Edmonton has a new tool for the task of ending poverty in a generation. The methodology has been around for decades and City Council took the enabling action over the past year. In response to the End Poverty Edmonton task force, Edmonton Community Foundation (ECF), United Way and Homeward Trust were asked to form the Edmonton Community Development Company.
This new organization (usually called a CDC for “Community Development Corporation”) was created to bring together several activities under one roof. The individual activities are not unique or unprecedented in themselves, but bringing them together and putting them at the disposal of Edmonton’s challenged neighbourhoods is. For the first time commercial development, social
enterprise, employment training, job creation and the financing to make them happen will work together.
Access to financing is the particular piece that ECF brings to the table — our 10-year experience with the Social Enterprise Fund (SEF). Over the past decade the SEF has made more than 50 successful loans, totalling tens of millions of dollars, to charities, non-profits and social purpose businesses. We are bringing that expertise and at least 10 million dollars of financing to the work of the new CDC. This matches the City’s contribution of a similar value of surplus land in core neighbourhoods.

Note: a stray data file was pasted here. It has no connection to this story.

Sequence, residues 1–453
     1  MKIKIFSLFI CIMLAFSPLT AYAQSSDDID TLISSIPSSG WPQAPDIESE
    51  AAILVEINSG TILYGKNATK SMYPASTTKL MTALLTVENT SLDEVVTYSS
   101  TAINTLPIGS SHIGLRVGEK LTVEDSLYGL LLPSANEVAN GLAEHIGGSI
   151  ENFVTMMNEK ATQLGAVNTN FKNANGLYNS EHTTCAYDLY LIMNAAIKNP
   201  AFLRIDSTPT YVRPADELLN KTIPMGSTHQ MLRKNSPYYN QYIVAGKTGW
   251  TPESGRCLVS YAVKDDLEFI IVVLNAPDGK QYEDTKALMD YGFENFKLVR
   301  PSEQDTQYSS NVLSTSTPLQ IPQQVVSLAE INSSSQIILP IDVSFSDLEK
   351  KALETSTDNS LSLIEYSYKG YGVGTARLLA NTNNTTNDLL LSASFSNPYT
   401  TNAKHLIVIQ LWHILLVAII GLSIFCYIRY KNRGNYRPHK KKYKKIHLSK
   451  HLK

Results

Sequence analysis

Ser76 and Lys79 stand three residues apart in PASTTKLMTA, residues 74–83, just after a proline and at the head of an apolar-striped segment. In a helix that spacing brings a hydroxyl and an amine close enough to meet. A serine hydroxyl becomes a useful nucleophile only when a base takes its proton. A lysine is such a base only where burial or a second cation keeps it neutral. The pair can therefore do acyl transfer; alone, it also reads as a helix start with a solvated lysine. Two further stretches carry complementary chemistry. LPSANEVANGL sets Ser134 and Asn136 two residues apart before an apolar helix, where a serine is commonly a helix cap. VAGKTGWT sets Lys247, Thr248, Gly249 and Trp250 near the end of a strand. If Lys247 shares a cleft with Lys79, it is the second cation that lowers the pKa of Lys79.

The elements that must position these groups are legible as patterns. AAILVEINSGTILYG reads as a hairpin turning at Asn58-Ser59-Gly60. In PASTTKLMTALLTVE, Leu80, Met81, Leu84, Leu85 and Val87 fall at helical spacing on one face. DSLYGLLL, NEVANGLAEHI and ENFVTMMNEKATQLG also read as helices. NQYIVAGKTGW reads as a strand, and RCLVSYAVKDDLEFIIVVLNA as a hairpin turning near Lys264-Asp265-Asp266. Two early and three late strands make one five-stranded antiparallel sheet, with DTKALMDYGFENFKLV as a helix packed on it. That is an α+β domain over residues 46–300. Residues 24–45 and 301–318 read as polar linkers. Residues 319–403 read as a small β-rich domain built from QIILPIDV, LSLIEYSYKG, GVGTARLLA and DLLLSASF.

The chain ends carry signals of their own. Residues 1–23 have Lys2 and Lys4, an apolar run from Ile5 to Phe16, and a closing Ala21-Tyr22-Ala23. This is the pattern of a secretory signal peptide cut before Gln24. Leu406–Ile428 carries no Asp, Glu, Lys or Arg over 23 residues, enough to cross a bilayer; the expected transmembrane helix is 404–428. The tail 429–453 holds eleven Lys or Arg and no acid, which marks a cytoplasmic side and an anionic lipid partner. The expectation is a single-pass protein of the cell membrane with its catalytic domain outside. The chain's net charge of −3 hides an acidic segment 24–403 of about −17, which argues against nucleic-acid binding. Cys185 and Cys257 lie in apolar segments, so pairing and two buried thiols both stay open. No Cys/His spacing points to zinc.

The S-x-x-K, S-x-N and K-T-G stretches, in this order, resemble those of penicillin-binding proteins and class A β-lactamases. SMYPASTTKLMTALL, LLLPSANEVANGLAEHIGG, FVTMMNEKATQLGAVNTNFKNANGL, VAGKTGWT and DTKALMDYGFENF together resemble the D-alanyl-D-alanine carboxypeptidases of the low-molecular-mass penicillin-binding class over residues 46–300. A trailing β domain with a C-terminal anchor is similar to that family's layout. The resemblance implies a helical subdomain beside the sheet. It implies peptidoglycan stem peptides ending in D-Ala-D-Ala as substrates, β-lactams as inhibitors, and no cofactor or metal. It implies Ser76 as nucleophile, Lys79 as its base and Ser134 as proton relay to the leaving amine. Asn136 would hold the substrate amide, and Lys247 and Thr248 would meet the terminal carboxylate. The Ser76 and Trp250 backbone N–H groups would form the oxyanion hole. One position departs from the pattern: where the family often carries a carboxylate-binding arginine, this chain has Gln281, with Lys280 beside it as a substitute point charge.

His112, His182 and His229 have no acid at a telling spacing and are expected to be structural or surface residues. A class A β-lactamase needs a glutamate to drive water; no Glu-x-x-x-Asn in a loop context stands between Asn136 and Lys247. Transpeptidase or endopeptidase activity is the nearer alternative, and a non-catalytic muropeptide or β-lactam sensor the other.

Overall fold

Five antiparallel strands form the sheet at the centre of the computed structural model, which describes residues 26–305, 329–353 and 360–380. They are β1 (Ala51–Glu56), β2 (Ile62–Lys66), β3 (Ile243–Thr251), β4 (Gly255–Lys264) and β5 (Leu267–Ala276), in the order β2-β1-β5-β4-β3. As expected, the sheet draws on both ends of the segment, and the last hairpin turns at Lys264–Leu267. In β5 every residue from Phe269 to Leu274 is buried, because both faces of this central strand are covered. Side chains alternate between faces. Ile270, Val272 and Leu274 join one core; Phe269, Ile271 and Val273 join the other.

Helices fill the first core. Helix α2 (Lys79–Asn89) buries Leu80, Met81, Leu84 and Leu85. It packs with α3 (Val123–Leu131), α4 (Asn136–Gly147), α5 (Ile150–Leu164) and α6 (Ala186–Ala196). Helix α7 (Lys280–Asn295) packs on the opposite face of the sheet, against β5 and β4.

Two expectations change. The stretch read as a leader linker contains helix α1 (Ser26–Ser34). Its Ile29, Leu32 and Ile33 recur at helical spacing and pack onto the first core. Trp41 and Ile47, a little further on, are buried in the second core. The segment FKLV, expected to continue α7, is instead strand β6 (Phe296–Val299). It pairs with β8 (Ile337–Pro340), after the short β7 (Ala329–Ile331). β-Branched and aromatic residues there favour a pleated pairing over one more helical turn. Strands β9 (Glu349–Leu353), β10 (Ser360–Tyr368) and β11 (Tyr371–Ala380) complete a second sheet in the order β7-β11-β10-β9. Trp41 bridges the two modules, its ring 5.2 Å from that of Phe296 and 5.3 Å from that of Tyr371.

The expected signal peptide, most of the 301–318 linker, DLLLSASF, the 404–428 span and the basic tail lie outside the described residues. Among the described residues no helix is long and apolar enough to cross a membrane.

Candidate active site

Over the next few months, the CDC will begin working in what we usually call Edmonton’s “inner city,” neighbourhoods like McCauley and Alberta Avenue, bringing them rare capacity to direct their own economic development. The CDC will be their development organization, able to address the needs and opportunities they identify. Outcomes could include: more locally-owned businesses delivering products and services neighbours need, employment for residents, new spaces for community activities, housing on top of redeveloped strip malls and accessible home
ownership for families.
As we know, there are no magical solutions for ending poverty. But the work of the CDC — community economic development, access to living-wage jobs and social purpose real estate — can contribute to the growth and development of Edmonton’s inner city and therefore to improved prospects for people living there. It’s only one of many strategies that End Poverty Edmonton will
be implementing over the next decade. But decades of experience in several Canadian cities (and thousands of communities south of the border) demonstrate that a CDC can be an important part of the solution.
The dream was conceived in Edmonton more than 40 years ago and has been renewed several times since. Edmonton Community Development Company has finally been born and you can expect to hear more from this little one very soon indeed. ECF is proud to be one of its parents!